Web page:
We struggled so hard to raise the money to make Quality of Life. Most people who were in a position to support us, had questions about our approach. We were casting a real writer as one of the leads. We didn’t do an expose on graffiti. We refused to exploit the culture in our marketing materials. Traditional financiers wanted to ensure marketability. We tried to convey that authenticity would translate to profitability. But they weren’t feeling it. So, we ended up raising a little cash from friends and family. We did a few art shows and auctioned our friends’ pieces. We had to be really creative and persistent. We ended up raising just enough for film stock and food and shot the thing in 18 days. It was a nightmare of a shoot. Most of the producers were working day jobs, so we were often scrambling to find props and locations (and even actors!) the same day. It was hell. But, in terms of maintaining creative freedom, it was absolutely the only way to go.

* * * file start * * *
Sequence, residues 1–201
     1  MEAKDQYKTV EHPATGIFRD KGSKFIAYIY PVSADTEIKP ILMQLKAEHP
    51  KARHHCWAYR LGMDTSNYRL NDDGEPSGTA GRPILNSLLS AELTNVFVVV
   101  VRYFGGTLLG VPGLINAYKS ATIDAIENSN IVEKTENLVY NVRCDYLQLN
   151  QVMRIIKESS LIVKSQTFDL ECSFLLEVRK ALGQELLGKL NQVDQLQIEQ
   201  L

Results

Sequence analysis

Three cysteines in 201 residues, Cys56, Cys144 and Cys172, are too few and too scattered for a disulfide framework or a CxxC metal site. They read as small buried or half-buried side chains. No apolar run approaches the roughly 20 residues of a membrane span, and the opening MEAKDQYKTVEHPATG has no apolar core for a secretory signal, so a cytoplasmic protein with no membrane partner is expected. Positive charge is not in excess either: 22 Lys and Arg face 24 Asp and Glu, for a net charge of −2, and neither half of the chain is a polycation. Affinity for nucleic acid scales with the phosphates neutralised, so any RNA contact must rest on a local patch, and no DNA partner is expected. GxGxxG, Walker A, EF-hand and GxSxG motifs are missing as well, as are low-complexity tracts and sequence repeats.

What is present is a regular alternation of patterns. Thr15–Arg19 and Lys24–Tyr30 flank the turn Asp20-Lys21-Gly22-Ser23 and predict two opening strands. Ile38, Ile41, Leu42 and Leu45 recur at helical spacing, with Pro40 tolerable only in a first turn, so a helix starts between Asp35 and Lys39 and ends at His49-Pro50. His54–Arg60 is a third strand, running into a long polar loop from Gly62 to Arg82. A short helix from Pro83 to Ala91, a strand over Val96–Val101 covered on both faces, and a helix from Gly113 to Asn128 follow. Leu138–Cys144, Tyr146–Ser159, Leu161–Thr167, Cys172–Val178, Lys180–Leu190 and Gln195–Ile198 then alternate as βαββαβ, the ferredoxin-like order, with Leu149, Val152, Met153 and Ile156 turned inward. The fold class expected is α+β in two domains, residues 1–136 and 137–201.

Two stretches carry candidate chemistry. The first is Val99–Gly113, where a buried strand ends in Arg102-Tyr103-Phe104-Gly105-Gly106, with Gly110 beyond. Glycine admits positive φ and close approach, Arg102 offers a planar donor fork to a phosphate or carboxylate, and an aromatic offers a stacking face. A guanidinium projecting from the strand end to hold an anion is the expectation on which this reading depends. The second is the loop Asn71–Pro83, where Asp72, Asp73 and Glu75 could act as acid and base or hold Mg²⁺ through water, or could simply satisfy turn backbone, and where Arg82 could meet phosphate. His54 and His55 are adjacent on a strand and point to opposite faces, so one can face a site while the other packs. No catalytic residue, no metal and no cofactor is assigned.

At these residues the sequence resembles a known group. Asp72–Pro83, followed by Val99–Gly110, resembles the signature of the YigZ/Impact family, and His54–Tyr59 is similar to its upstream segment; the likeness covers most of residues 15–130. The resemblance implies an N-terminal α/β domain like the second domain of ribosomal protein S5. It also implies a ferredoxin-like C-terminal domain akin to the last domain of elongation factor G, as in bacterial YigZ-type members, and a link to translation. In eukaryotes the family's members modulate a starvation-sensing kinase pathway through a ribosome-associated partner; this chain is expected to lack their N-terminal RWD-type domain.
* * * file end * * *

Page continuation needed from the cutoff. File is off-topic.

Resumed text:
You just have to realise that, if you have a dream, and you are passionate about it and relentless in your approach to bring it to fruition, the shit will come off. That requires a lot of faith and even more blood sweat and tears. But it is the only way to remain truly independent.

- Ritual question: what are your future projects? Do you think you’ll keep on working on such themes like street life or…?

We have a few projects in development. I am always drawn to stories that I can relate to personally. So similar-themed films are likely (although none of our current projects are set in the graff subculture). We’re still working our asses off to get Quality of Life out there. But we hope to have some new films out in the next couple of years. Stay tuned!

Quality of Life is available at www.graffitishop.it